Now that you know the high level tax implications that are going to impact your wealth transfer plan (terminal income tax and probate tax), I think it’s important that you define a few important planning items.

    1. Estimate your estate tax liability

      Work with your wealth transfer team (tax professional, wealth advisor, insurance professional and lawyer) or individually to estimate your pre and post-tax estate values. You’ll gain insight into your wealth transfer tax liability and the net estate remaining for your beneficiaries. Once you are aware of the pre and post-tax figures, you need to be clear with yourself whether you are happy with the numbers. If you are, that’s awesome, you are now aware of your situation, you’ve made a decision and you can move forward confidently.

      If however, you aren’t comfortable with the amount of your estate that will be lost to income and probate taxes on your death, it’s important for you to explore your options.

    2. Make sure to designate beneficiaries or successor annuitants where appropriate

      This simple adjustment can save you significant estate probate fees.

      Insurance policies, and registered plans (RRSPs, RRIFs, spousal RRSPs/RRIFs, and TFSAs) can have designated beneficiaries, or successor holder annuitants. Meaning, you can name the individual(s) that you’d like to receive the insurance policy death benefit or the proceeds from your registered plans on your death. The funds will flow outside of your estate and directly to your named beneficiaries. In the example above, this could’ve saved $11,250 in probate fees payable.

      Tip for spouses: If you want your current spouse to inherit your RRIF, ensure they are a designated as a successor annuitant, not a designated beneficiary. There are administrative advantages to this election. In addition, if you want your current spouse to inherit your TFSA and continue the tax-free status of the account, ensure they are a successor holder, not a designated beneficiary.

      Be mindful though, designating beneficiaries can create additional wealth transfer challenges. If you aren’t aware of the consequences of naming beneficiaries on your registered plans, review the pros and cons of beneficiary designations with your wealth transfer team.

    3. Review the cost and benefits of life insurance to cover your future tax liability

      Life insurance can be an incredibly attractive way to leave a larger net estate value to your loved ones. In plenty of circumstances, you can take out a life insurance policy for the tax liability you’ve forecasted you’ll owe (in the above case $400,000) and you are likely to spend less in insurance premiums than the death benefit your beneficiaries will receive. The effect of this would be to leave a larger net estate value to your beneficiaries.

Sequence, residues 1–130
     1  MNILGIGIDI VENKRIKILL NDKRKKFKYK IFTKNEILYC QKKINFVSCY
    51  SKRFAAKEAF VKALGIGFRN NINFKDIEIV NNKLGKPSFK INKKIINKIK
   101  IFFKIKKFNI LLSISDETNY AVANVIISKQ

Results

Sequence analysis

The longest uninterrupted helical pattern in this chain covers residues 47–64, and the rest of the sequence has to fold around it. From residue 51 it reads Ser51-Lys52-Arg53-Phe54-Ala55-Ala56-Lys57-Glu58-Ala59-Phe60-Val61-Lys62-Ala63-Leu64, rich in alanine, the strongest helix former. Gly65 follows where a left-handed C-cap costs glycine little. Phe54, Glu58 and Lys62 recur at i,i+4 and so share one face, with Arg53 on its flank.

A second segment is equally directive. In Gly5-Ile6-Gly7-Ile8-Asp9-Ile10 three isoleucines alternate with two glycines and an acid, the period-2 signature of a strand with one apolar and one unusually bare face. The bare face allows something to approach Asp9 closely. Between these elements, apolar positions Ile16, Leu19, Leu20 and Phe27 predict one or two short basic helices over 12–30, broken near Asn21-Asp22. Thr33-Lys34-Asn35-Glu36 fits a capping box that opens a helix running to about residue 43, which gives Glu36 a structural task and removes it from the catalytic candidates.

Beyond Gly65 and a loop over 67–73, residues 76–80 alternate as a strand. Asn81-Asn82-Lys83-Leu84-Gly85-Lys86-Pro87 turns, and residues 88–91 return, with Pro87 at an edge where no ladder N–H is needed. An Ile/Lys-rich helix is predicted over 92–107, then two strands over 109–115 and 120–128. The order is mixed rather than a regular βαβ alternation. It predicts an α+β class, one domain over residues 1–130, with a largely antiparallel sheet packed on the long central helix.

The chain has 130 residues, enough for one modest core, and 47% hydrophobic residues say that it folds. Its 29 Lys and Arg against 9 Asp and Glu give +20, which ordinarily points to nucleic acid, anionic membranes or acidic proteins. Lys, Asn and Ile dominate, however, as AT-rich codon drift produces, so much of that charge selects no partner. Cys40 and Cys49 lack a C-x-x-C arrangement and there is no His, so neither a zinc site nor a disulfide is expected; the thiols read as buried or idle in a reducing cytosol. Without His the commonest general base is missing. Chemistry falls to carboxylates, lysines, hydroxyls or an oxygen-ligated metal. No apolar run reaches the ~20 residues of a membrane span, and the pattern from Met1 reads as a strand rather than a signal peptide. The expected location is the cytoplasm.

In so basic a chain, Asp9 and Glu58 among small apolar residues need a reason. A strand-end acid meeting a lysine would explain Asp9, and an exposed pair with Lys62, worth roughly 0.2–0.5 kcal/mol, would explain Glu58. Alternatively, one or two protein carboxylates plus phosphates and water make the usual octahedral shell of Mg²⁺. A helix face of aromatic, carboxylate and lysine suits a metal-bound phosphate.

You’ll want to review the cost benefit analysis of life insurance with a licensed insurance advisor. If you are interested in this option, you can reach out to me directly and I’d be happy to walk you through the analysis and your options.

    4. Personalized planning on demand

      The last planning opportunity I’m going to leave you with is the opportunity to review your personal wealth transfer plan with your trusted advisor. This is a cornerstone offering provided by many financial advisors. What you’ll do is come up with a comprehensive plan tailored to your specific situation and needs. You’ll engage with your advisor in an in-depth review of your current assets, liabilities, registered investments and life insurance policies. In this way, you’ll gain a complete understanding of your financial situation, and the tax consequences of your current decisions. Additionally, you can walk through what your wealth transfer plans are and whether your current setup is going to deliver what you expect.

    To Wrap Up

    You likely clicked on this post because you are interested in how your money will be distributed when you pass away. I hope that you now understand the tax relief available to spouses, and at a high level, the tax consequences that’ll impact a single person(s) or widow(er)s. I think it’s clear that CRA is going to be your financial partner throughout life, but with a bit of forethought and some prudent planning you can optimize the amount you leave to your loved ones and important causes.

    If you are interested in receiving your complimentary 20 minute discussion about your current wealth transfer plan, email me right now at kurt.lucier@raymondjames.ca with the subject line WEALTH TRANSFER PLAN MEETING and a few lines about you and your current circumstances. I’ll respond to you within 24 business hours to arrange a call or a zoom video to discuss your situation and get you on track.

    I look forward to hearing from you.


    Kurt Lucier, CFA

    Information in this article is from sources believed to be reliable. However, we cannot represent that it is accurate or complete. It is provided as a general source of information and should not be considered personal investment advice or solicitation to buy or sell securities. The views are those of the author, Kurt Lucier, and not necessarily those of Raymond James Ltd. Investors considering any investment should consult with their investment advisor to ensure that it is suitable for the investor’s circumstances and risk tolerance before making any investment decision. Raymond James Ltd. is a Member Canadian Investor Protection Fund.